I have a growing interest towards asemic art and calligraffiti. It started with interest in typefaces and I found out that there is a whole genre of artists making abstract calligraphy and asemic art.
The idea of asemic art is to create pancultural meanings with text-like scribbles, that are not letters. Wikipedia has an extensive article and references of asemic artists.
In history, everything seems sensible afterwards, but you can't see the forest from the trees in present. You could draw an arc from Jackson Pollock to graffiti, from graffiti to asemic art - But I don't know if I am in the position to do that.
What's the purpose, anyway?
In typography, meaning comes from understandable and recognizable glyphs. The shape of for example n vs. r needs to be recognizable and categorizable. If you begin to blur that line, reader can't make up his/her mind on what letter is being represented.
Indivudual glyphs are then combined into words, semantical groups that represent something in spoken language. There are multiple writing systems used in the world. What is common for those writing systems is that meaning is conveyed to reader.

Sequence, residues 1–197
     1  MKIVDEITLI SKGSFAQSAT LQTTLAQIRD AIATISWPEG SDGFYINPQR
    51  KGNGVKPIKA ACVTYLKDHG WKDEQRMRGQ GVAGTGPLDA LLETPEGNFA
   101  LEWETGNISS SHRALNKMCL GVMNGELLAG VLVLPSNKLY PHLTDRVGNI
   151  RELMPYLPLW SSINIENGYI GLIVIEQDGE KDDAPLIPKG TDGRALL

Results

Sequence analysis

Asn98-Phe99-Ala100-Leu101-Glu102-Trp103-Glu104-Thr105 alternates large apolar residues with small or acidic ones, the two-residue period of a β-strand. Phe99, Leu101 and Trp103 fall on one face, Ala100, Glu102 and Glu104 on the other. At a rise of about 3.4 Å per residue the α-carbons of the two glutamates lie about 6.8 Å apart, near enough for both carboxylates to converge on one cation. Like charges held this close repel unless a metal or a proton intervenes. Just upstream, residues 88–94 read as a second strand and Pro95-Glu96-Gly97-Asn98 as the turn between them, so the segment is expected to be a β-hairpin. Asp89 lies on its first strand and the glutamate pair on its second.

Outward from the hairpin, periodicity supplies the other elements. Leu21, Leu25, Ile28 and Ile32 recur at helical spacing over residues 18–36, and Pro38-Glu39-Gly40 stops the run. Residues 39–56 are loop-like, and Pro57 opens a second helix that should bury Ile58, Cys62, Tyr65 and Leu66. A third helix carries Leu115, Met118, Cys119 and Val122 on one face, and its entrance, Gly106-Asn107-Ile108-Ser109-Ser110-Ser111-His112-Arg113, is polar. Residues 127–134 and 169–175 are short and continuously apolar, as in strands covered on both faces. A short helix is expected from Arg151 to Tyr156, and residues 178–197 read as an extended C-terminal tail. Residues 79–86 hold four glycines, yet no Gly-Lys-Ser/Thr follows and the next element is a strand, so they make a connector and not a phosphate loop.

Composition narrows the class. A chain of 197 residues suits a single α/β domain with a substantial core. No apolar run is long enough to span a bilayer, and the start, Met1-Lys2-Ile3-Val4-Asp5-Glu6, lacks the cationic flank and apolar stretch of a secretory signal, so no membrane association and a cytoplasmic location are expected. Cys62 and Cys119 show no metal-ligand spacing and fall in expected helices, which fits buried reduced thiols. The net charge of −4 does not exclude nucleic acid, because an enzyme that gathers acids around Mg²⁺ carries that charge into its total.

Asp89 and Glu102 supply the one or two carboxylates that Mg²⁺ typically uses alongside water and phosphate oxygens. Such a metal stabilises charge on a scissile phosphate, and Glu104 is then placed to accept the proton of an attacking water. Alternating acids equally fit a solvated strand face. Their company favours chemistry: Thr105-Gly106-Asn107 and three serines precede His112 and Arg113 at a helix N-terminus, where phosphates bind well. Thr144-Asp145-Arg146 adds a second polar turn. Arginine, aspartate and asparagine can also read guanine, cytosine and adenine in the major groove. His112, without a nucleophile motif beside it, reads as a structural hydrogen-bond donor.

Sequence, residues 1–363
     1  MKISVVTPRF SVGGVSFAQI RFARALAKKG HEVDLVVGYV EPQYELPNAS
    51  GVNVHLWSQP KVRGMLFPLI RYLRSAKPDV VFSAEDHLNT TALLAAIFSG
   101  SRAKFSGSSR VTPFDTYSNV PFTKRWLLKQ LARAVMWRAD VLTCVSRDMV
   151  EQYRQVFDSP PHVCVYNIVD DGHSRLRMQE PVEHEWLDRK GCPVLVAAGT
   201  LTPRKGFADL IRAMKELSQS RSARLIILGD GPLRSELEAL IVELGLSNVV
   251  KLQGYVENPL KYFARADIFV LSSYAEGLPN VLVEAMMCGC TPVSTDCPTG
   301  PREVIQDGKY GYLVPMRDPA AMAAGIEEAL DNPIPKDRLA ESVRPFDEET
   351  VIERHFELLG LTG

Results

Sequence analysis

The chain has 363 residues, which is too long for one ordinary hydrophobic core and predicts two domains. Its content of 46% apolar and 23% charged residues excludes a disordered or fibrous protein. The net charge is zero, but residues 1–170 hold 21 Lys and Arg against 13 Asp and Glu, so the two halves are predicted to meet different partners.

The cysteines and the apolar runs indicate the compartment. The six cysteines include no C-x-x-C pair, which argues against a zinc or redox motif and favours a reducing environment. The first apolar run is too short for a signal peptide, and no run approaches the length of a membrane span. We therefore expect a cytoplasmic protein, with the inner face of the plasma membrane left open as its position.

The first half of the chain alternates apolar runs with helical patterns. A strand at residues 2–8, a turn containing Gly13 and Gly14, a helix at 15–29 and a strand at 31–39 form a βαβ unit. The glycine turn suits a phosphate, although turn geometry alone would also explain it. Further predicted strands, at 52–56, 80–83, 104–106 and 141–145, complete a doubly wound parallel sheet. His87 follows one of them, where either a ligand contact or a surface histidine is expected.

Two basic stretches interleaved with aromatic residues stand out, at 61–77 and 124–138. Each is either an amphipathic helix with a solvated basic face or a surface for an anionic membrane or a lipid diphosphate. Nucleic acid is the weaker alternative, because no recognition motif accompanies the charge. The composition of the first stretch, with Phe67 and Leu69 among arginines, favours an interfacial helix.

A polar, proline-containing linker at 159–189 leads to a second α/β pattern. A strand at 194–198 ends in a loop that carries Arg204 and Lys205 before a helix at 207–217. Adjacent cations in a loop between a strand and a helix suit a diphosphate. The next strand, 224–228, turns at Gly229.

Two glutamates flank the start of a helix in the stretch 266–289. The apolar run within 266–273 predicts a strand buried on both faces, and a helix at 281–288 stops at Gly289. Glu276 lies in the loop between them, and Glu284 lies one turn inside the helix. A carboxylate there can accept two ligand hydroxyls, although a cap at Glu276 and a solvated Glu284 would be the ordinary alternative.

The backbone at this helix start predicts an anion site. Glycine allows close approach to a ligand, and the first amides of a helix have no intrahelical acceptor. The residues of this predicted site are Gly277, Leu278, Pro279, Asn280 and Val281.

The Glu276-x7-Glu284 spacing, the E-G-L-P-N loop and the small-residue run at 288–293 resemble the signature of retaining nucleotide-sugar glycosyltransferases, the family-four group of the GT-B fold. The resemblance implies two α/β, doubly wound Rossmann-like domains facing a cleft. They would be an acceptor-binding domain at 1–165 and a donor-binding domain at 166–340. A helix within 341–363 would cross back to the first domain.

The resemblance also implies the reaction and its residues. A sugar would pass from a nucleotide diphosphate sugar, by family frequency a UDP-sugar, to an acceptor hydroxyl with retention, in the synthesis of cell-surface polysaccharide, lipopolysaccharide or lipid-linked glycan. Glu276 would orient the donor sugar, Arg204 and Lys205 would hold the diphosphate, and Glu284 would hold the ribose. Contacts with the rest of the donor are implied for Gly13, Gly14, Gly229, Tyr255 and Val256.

To further abstract the idea, writing systems exist on a two-dimensional plane and consist of basic shapes. Ultimately, of lines with different curvature.
Different ways of obfuscation
Tobias Frere-Jones tried to break alphabets, in order to see when the meaning is lost. He later used those anti-readability approaches to design the typeface for the Wall Street Journal called Retina.
Here's a few ways how to lose meaning:
Retna's custom writing system
From Wikipedia: "He developed a distinctive constructed script which is derived from Blackletter, Egyptian Hieroglyphics, Arabic, and Hebrew calligraphy, as well as more traditional types of street-based graffiti"
On Clyfford Still, basic forms and shamanism
Clyfford Still's journey from figurative painting to fully abstract color field painting is truly interesting.
He said his ultimate idea was that a vertical line represents life and a horizontal line represents death.
Thus, the basic curves that a writing system consists of convey a meaning of life and death.
Here's a painting to illustrate the idea: for a typeface designer it looks as if there is some proto-letters, but they look like dancers as well.
("Mouvements" by Henri Michaux)
The idea of a collective unconscious is a term coined by Carl Jung to illustrate the idea, that there are similar structures in the unconscious mind "which are shared among beings of the same species".
The prototypical nature of asemic writing can and will convey the spectator a meaning that is largely influenced by his/her own mind. But something more may lie beneath.
This is what I'm going to explore. Painting that has pancultural meanings. Expressing the invisible.